Freeman, a former O’Hare member at America Media, suggests that âRooney writes in the context of post-Catholic Ireland. She and her characters grew up in a world where the church’s firm grip on all aspects of life quickly weakened after revelations of physical and sexual abuse. In an interview with The Irish Times in 2017, Rooney said that âwe got rid of the Catholic Church and replaced it with predatory capitalism. In some ways, it was a good compromise, and in other ways, really bad.
Rooney writes, Freeman notes, “for an audience that lacks faith in an institutional church, but yearns for something to believe in. She writes for me and my friends.” One of Rooney’s characters in Beautiful people, where are you, Alice, says that “beauty, truth and goodness are properties of the being which are one with God”. Catholic enough for you? It is a moment of pure and simple catechism which could have come from the pen of Saint Thomas Aquinas himself.
Ciaran Freeman: âSally Rooney writes for an audience that lacks faith in an institutional church, but yearns for something to believe in. She writes for me and my friends.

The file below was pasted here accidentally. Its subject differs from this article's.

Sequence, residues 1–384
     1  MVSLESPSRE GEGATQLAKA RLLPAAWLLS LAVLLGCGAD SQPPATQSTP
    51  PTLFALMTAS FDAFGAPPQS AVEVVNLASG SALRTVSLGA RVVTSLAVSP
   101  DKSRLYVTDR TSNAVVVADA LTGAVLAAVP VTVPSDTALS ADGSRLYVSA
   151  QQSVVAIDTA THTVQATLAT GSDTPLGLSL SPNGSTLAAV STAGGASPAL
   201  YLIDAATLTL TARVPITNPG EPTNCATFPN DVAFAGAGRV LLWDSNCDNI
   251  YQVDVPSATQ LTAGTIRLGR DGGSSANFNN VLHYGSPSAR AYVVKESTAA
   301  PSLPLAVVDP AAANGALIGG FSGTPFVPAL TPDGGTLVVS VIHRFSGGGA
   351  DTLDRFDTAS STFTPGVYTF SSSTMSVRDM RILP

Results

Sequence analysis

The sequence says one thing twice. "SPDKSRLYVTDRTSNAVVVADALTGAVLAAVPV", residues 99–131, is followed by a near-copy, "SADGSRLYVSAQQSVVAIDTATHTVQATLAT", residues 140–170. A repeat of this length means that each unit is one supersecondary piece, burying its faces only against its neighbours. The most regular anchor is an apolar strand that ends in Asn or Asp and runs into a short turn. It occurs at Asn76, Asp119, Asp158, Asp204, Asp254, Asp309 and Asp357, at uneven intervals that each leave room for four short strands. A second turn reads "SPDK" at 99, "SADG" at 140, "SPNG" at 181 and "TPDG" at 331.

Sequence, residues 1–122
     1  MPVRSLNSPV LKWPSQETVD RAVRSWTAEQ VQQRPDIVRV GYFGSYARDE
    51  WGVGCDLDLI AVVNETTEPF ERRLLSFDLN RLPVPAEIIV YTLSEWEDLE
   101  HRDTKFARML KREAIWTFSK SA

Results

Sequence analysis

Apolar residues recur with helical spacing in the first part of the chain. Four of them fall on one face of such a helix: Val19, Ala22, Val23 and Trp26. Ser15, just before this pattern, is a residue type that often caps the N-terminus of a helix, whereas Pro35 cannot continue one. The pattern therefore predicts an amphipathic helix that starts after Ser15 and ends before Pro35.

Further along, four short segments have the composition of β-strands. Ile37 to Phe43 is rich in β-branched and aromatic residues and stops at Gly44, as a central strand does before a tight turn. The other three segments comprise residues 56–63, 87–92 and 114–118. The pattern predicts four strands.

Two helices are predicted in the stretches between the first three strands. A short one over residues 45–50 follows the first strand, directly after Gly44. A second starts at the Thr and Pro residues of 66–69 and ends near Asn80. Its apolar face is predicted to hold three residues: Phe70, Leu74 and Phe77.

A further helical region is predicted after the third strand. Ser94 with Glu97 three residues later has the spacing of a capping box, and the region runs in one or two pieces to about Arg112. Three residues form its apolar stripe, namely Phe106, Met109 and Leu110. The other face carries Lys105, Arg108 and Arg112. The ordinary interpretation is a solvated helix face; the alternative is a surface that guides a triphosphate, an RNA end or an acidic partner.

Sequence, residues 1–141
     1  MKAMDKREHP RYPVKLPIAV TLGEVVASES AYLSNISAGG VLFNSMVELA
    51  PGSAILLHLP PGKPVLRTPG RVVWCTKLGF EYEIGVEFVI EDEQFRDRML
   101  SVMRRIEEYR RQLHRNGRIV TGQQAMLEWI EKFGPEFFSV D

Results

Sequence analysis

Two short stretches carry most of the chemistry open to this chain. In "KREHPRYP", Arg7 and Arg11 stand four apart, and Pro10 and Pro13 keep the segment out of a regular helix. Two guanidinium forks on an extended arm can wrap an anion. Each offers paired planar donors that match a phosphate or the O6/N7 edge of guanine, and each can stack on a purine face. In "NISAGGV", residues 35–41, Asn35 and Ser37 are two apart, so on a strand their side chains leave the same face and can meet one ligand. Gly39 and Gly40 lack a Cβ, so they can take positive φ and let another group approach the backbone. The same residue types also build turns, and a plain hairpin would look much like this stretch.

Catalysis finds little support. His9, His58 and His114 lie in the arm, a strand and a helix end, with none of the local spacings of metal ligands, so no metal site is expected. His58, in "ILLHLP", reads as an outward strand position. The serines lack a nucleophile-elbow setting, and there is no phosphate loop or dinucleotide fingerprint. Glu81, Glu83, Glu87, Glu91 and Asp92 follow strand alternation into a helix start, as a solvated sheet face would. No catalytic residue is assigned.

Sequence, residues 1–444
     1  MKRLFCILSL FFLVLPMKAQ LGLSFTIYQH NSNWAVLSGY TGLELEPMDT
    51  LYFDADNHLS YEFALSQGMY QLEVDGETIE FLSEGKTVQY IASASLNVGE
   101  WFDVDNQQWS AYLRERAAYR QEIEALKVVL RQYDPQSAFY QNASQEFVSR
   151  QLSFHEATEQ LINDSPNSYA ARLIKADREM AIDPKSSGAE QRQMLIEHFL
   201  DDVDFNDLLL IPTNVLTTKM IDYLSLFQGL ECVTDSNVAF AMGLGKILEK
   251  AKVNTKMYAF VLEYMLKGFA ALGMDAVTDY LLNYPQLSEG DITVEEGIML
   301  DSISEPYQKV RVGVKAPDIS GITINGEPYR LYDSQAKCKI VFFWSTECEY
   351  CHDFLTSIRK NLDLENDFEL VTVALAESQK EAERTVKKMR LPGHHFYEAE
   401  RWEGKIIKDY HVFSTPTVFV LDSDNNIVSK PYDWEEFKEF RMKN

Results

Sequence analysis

Rooney’s second novel, Normal people, was made into a miniseries for Hulu in 2020. In his review of the series for America, Freeman recalled that the literary buzz surrounding Rooney’s Conversations with friends in 2017 made him worry about the quality of Normal people. âRooney was marketed as Salinger for the Snapchat generation, hailed as one of the first great writers of the millennium,â he wrote, so he was nervous when his second novel was announced so soon. after. “Sometimes a first-time novelist capitalizes on her fame and rushes to publish an inferior work, an old manuscript that has been put aside or buried deep on a hard drive.”
This is not the case in this case, he writes. “It took me a long time to understand that Normal people is not a watered-down version of Conversations with friends, but instead a refined sample of Rooney’s handwriting.